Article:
That's as powerful and intriguing a background as you can get. No wonder you are such an interesting writer. You can look at something from so many different view points.

Retired English Teacher said...

I encourage you to tell your story. It is your story. Tell it. As you know, we have so much in common with our backgrounds. We both came out of cults. It is so difficult to have a perspective of that experience that captures the entire experience because our perspective does shift as we distance ourselves from the experience.

Richard Hughes said...

I'd be interested in reading about your experience, but only if it helps you to a more wholesome self. You've definitely grown a lot since leaving the cult, so now may be the right time to tell your story.

Linda Reeder said...

What a wonderfully complex person you are! Some of us are just a lot more simple.

Teresa Coltrin said...

Write it! I really like how this experience can be told in different perspectives and still be true.


patricia said...

I do think this version of your story would look much different than the original book. You are such a different person than you were when I first met you. Btw, I am dying to know who asked and got that answer. =) Fun spending time with you today, my friend. Love you.

yaya said...

Your past has formed you into a wonderful, interesting, and caring person today. You have to be proud of how you took a difficult situation and turned your life into one of service for many children, and a loving relationship with your husband and others. I don't know you personally of course, but reading your words is like looking into your true self. So inspiring.

DJan said...

Your story needs to be written, not only because you have the gift of communication through the written word, but because you are feeling the pull to do so. Perhaps there are others like you who cannot express what they went through, and you can. I don't know, but I do know that your words never fail to speak to my heart. Sending you love as I hold the stone heart you gave me in my hand. :-)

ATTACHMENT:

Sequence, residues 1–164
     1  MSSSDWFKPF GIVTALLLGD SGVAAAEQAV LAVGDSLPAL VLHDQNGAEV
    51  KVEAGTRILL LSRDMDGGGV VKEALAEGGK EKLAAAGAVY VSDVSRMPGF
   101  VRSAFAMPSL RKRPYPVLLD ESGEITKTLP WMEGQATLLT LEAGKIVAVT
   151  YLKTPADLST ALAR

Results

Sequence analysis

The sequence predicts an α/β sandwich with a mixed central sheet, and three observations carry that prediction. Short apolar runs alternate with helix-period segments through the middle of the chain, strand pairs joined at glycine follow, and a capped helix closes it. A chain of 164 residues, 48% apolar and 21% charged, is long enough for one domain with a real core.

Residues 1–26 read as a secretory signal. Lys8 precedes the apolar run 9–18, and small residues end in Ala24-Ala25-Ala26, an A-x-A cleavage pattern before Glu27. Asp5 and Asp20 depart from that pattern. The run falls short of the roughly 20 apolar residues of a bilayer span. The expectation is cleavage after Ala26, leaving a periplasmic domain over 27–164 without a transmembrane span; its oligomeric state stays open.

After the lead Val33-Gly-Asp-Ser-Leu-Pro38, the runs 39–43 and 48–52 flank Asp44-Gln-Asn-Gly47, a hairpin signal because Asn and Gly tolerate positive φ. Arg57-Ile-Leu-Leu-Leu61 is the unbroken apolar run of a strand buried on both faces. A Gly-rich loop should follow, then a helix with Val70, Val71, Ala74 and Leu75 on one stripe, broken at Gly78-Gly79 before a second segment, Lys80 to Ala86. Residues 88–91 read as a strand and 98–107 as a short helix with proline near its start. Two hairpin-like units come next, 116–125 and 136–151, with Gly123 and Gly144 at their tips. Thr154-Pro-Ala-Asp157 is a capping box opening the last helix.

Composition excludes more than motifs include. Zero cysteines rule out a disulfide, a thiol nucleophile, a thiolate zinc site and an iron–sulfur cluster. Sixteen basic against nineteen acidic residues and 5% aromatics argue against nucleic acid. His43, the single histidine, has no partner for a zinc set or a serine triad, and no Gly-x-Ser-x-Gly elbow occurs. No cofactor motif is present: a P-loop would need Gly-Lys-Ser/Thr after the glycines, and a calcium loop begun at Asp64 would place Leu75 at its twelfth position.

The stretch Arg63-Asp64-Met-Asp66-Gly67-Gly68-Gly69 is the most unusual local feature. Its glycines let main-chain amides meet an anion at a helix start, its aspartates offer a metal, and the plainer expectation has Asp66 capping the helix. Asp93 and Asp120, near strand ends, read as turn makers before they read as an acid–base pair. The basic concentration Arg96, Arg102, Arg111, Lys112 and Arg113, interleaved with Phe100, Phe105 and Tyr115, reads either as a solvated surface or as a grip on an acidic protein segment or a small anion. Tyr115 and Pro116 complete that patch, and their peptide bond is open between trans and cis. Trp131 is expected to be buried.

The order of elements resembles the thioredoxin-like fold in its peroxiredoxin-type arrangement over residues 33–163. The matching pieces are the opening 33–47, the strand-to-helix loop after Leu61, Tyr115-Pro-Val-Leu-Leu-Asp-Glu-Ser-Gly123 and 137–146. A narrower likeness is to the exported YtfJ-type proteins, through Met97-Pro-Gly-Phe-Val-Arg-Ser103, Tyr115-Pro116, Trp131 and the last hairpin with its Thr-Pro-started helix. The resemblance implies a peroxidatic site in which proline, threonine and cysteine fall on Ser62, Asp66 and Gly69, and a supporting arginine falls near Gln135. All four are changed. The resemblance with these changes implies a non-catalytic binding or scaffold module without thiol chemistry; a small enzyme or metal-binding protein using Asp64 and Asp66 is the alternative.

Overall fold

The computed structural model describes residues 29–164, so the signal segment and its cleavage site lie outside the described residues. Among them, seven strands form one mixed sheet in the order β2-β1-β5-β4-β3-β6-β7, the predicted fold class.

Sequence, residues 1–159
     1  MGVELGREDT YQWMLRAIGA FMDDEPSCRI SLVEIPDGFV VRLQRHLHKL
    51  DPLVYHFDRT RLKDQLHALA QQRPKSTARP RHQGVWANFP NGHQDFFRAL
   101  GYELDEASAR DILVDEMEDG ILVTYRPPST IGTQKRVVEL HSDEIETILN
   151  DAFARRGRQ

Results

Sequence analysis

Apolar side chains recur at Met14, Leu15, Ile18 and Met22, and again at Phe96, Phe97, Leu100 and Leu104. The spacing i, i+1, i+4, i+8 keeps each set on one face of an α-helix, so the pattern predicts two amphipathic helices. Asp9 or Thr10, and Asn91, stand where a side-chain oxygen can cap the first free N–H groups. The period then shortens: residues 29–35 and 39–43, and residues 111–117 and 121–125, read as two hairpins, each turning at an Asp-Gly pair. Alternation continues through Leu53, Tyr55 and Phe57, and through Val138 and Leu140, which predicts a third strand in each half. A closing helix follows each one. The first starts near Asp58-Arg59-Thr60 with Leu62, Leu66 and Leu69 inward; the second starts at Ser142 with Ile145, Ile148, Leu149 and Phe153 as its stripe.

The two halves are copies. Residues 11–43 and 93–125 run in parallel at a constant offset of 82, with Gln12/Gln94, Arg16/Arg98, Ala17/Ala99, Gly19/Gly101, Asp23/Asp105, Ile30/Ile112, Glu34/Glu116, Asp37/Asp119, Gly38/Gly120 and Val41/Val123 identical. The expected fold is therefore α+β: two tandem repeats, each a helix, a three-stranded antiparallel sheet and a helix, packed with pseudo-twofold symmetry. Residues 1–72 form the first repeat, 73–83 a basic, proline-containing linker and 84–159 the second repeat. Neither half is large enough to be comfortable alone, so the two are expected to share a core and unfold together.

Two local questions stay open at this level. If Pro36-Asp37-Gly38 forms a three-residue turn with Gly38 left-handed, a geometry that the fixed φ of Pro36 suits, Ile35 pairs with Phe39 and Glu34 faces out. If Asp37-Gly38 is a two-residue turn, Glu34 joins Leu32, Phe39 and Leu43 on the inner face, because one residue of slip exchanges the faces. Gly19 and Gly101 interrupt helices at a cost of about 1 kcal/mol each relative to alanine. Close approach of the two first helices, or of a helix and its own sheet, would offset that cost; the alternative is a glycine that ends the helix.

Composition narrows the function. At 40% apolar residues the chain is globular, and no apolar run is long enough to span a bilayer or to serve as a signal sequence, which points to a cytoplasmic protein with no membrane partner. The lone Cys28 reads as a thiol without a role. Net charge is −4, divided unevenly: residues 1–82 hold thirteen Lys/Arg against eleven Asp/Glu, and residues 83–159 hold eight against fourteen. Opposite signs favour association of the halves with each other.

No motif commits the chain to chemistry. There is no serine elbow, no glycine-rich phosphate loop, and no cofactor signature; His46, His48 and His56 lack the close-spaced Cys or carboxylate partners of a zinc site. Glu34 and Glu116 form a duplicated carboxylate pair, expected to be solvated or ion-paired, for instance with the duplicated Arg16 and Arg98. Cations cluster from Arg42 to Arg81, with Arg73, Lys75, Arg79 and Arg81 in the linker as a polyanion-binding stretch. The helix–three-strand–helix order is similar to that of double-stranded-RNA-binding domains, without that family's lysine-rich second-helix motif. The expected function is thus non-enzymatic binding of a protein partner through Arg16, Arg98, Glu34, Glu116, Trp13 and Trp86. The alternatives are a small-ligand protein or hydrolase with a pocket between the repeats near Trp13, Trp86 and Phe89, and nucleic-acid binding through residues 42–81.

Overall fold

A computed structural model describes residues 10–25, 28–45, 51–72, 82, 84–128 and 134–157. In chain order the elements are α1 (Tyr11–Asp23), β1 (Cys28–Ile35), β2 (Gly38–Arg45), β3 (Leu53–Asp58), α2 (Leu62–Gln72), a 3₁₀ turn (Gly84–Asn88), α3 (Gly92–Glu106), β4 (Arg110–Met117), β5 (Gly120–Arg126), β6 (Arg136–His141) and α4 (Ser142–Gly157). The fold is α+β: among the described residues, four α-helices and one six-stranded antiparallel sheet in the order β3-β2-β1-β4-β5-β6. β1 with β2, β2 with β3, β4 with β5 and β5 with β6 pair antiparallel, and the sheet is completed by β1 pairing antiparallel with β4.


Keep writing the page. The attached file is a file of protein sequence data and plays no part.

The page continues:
lily cedar said...

I am always amazed and astonished at the resilience of human beings. I am thankful as well.

Dee said...

Dear Debra, your posting today was a confirmation to me that all of us are on the same journey to wholeness. You ended by writing that you have a life "lived toward healing in the gloriously messy way of all lives." I do so hope you will begin with a blank page and write your story from the wholeness of your life today.

The gift that's been given to me, Deb, in writing my on-line memoir is that I truly have "come home to myself." I chose that as the title for the blog because it was my hope. And it's been happening. Slowly I am embracing the all of my life and the complexity and beauty of my own self. I so hope that you will give yourself this gift. Peace.

BLissed-Out Grandma said...

It sounds like you are getting yourself ready to write. Selfishly, I hope you do because you have so much wisdom to share and this story seems to want to be told (again).

Deborah Barker said...

The written word is a wonderful tool. Write your story in as many ways as you need, Deb, as many times as you need. It is after all, your story and no one else's. However you write it, will be the way it was. I know mine would go through as many changes, viewed from different times in my life.

Deborah Barker said...

The written word is a wonderful tool. Write your story in as many ways as you need, Deb, as many times as you need. It is after all, your story and no one else's. However you write it, will be the way it was. I know mine would go through as many changes, viewed from different times in my life.

Midlife Roadtripper said...

Having had the pleasure of reading you for the past five or so years, I can see the changes - the maturity. The perspective gained.

Perhaps it is time to rewrite that book. Or begin anew. Or to move onto something new. For that experience, now understood much better, is integral to where you are today.

Okay, I helped. Right? Write

kario said...

I don't know how I missed this post for so long, but I'm glad I found it. I love that you are able to revisit the stories you've told about this time and see them in a different light without self-judgment. It is so amazing to me the power our stories hold for us when we tell them again and again and when we are able to break them open a little bit and talk about them in a different way, it helps us to see ourselves in a more holistic way. May your integration of these perspectives continue to evolve within the framework of self-compassion, my friend. You are a wonder!